Chapter 4 looks at “The Gospel Announcement”. “We need the gospel announcement in order to know how to escape the storm of God’s wrath. You can’t tell the gospel story without making the announcement of good news; neither can you properly make the announcement without telling the story” (88-89). In this chapter, Wax takes a closer look at Christ’s life, death, resurrection, and exaltation as Lord. This announcement provokes a response from us – repentance and faith. The counterfeits that target this leg are the moralistic gospel (chapter 5) and the quietist gospel (chapter 6).
Chapter 7 is concerns “The Gospel Community. Here, Wax makes the case for community and church. “God’s plan from the very beginning has been to spotlight His glory by redeeming a people who submit to His rule. Our lives together make the gospel visible (157). Counterfeits targeting the gospel community are the activist gospel (chapter 8) and the churchless gospel (chapter 9). Every chapter addressing a counterfeit follows the same structure of an introduction, manifestations of the counterfeit, why it’s attractive, and how to counter it. There is also a chart for each summarizing how to spot the counterfeit.
I found this book to be a very easy, enjoyable and helpful read. I just have a few small quibbles with an overall strong book. The first is that at times I found it difficult to elucidate the distinctions between Wax’s categories of gospel story and gospel announcement. There were times when I felt his definition of one included elements of the other, and I had a hard time seeing the clear demarcations he seemed to intend. My second minor quibble concerns the last section, “The Gospel Community”. Both in chapters 7 and 9 Wax makes a good case for community, but he doesn’t really present a case for the local/organized/institutional church. Our generation does not in general have a problem with the former; it’s the latter that is being rejected. Community is hip and desired and pursued; I haven’t heard of many Christians with an entirely privatized faith. But I have heard of many (and know quite a few personally) that have rejected the local church and see no problem with having their “church community” elsewhere – e.g. house church, informal meetings with other believers, etc.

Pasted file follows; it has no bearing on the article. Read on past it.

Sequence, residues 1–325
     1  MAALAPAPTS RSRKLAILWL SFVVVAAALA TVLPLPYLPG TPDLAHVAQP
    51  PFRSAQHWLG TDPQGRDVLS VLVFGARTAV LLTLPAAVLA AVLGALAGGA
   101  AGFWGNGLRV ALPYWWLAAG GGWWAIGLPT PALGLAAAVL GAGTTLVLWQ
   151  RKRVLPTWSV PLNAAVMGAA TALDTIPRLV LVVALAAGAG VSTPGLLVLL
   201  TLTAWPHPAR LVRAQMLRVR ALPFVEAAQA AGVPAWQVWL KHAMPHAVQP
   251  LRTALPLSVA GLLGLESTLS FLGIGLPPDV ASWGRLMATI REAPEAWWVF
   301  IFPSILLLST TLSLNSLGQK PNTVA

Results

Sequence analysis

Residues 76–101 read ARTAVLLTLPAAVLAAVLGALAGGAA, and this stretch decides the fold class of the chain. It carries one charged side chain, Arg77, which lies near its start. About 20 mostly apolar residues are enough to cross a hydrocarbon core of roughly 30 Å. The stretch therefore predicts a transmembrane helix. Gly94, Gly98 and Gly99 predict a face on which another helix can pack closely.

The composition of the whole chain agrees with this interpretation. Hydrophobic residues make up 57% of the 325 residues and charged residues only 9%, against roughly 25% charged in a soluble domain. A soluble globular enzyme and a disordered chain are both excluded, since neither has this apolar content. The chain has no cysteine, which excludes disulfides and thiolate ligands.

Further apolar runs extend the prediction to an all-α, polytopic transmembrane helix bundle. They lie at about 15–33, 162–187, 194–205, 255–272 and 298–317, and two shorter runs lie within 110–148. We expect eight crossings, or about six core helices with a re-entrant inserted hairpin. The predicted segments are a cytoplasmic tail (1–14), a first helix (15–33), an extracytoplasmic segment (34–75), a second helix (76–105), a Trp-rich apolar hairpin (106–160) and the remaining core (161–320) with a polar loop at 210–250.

Minor quibbles aside, this is a great general/popular-level book on the gospel that can both help clarify a believer’s understanding of the true gospel, as well as point out areas where we might be believing or proclaiming a counterfeit gospel (or in danger of doing so). Wax does a really good job of presenting balanced views – for each counterfeit, he not only critiques what is wrong but also points out the nuances about it that are right. Sometimes the errors are subtle; there were even a few times in reading this book when I realized that certain areas of my thinking had been slightly affected by aspects of counterfeit gospels. Don’t think you’re immune to the counterfeits just because you read the “good books” by “the dead guys” and go to a faithful church where the preacher has good theology and preaches expository sermons. You might need this book as a “check”. I highly recommend this book to all lay Christians passionate about the gospel and passionate about being faithful to the biblical gospel.
Disclosure of Material Connection: I received a free copy of this book from Moody Publishers to review. I was not obligated to provide a favorable review, and the views expressed here are entirely my own.